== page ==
You know how some people say that the eyes are the windows to the soul? Through the eyes, an deep pool of emotions can be expressed with just one glance.
I think for knitters, however, the hands are the windows to the soul.
Hands start small, soft, and simple. They grow and change, sifting through wet dirt after a rain and exploring their ever-expanding world. Skid marks, bumps, bruises, and scrapes befall them as the adventures continue.
Scars appear, nails are painted, knuckles are cracked, pencils sharpened. At some point or another, yarn begins to flow through the fingers. Soft bamboo and sharp aluminum join the mix.
Hands face the chapping, drying wind. They grow even more, working through sleepless nights. These hands fold laundry and move furniture. They change tires and cook meals. They will shake other hands, give high-fives, and intertwine their fingers with another set.
These are the hands that can climb mountains.
When I observe and compare the hands of my parents, I see my own hands. Yes, my mother’s are daintier than mine, and my father’s are rough and wider in the palm, but they each tell their own story. My life is written into their hands, just as their stories are woven into mine.
One day, my hands will be wrinkled and spotted, too, and skin will stretch over the knuckles like a lofty piece of parchment. Thankfully, there is a proud, immovable muscle that will be forever etched in the center of my palm. Decades of memories pile up over my wrist and down my arm. Fingertips are sore, fingerprints rubbed away.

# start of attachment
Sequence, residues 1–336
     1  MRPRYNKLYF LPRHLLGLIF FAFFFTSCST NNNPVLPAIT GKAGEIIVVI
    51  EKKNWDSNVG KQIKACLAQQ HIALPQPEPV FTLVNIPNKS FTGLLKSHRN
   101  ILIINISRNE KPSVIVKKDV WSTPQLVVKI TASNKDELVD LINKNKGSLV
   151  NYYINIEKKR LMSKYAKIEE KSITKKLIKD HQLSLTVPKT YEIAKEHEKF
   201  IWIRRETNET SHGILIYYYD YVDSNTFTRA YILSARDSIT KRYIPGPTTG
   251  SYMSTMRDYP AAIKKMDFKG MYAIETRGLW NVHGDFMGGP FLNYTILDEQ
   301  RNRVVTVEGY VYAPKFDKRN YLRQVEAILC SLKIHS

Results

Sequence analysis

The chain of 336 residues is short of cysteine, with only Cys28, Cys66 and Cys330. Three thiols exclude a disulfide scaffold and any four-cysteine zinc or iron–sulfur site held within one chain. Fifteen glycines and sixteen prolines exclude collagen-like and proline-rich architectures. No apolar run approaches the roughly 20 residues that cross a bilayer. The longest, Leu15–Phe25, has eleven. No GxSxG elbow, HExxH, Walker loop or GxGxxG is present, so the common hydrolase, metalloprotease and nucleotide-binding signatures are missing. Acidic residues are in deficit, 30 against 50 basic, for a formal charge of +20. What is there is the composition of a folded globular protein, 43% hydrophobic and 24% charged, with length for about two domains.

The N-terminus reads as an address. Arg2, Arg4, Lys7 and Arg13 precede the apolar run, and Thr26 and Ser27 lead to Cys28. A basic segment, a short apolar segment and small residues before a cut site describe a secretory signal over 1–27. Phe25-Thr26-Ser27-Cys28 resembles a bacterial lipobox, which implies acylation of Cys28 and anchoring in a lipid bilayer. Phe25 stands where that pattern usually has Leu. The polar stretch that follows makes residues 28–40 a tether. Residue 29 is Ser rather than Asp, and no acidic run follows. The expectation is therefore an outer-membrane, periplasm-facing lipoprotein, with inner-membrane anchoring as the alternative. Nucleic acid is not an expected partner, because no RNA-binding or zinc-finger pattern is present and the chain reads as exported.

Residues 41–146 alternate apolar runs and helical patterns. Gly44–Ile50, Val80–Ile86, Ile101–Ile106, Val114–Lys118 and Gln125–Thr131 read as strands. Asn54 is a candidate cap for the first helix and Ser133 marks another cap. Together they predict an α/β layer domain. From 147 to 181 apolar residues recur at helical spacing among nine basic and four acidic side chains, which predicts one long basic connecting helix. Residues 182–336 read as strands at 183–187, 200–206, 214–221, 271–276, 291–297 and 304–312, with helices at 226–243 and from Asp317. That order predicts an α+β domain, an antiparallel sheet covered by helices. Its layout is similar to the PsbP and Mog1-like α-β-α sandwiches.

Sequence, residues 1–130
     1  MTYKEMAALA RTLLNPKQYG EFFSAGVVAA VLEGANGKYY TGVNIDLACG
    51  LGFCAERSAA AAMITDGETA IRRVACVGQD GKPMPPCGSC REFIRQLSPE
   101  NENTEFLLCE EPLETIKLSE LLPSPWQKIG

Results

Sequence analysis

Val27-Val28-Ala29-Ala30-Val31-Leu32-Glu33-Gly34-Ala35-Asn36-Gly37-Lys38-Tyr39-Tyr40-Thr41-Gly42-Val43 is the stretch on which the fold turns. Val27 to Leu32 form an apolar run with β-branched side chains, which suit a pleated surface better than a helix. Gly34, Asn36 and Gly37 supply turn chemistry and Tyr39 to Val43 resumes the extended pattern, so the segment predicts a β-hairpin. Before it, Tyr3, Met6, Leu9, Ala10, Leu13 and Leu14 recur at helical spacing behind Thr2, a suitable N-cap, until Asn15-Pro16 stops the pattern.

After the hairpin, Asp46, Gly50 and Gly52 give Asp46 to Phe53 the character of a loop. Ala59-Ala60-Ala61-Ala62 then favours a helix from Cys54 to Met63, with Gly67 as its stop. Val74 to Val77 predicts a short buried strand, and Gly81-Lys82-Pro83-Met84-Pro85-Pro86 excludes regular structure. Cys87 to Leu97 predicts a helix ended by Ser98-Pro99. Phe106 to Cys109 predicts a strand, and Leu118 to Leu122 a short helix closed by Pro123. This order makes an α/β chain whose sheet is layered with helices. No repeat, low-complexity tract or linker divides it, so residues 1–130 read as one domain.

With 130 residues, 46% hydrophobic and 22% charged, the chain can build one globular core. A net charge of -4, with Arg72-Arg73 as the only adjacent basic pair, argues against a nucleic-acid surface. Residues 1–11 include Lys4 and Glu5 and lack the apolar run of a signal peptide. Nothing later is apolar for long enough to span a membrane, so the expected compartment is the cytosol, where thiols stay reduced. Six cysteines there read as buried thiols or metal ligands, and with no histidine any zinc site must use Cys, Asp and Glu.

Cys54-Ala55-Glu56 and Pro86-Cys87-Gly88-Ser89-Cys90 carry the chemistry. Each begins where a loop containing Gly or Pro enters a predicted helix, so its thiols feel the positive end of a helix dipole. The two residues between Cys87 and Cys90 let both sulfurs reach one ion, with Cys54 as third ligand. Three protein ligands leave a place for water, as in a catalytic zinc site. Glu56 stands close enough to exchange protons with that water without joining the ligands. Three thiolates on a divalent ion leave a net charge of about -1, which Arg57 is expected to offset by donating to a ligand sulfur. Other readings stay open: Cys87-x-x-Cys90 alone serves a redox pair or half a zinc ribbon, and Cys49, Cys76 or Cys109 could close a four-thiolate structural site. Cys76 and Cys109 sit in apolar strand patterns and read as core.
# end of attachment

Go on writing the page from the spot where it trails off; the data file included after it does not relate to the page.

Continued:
You know, I don’t think I necessarily made a forthright effort to become a Knitter, capital K. As I’ve always said, knitting stuck with me. But honestly, reaching towards this creative lifestyle is about the only decision I’ve ever truly made for myself. Of course my family wouldn’t have discouraged it– I was the easygoing middle child who never caused trouble. At least I wasn’t talking back, or running a complex drug dealing ring at the tender age of twelve. Anyway, my nose was buried in a book ninety-five percent of the time. I didn’t have time to fight and stand my ground. I simply believed what others told me, whether it was about the world around me or about myself.
Sometimes I wish that I had learned how to formulate my own beliefs earlier in life. It’s profitable to be flexible and learn from others, although I don’t really know what it’s like to press an issue and stay steadfast in a single argument. No, I’m not a bitter or immensely regretful person. It’s not my style. I’ve watched irrational anger waste away lives, and that obviously brings nothing but pain.
My hands are shaped and strong, but they are untested. I can’t adjust myself for other people or for different situations. What I can do is lose my fear of making mistakes, because they’re absolutely inevitable, and beautiful in their own ways.
I am not my mother. I am not my father. I am not my sister.
I am my own person, I have my own hands, and I make my own decisions.
“When I stand before God at the end of my life, I would hope that I would not have a single bit of talent left, and could say, ‘I used everything you gave me.'”